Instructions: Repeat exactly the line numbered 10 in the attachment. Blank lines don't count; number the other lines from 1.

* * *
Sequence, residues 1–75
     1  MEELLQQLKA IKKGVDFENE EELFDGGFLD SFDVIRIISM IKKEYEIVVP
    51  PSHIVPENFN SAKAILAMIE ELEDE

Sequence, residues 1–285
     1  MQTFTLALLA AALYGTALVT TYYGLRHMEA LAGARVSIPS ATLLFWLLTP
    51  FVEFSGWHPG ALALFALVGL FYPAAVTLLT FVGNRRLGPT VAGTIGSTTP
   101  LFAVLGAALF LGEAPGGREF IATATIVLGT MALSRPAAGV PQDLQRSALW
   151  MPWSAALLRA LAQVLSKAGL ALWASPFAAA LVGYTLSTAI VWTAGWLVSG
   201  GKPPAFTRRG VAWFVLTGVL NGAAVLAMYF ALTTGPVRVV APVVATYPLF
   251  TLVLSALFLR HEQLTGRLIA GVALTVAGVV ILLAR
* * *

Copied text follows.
   251  TLVLSALFLR HEQLTGRLIA GVALTVAGVV ILLAR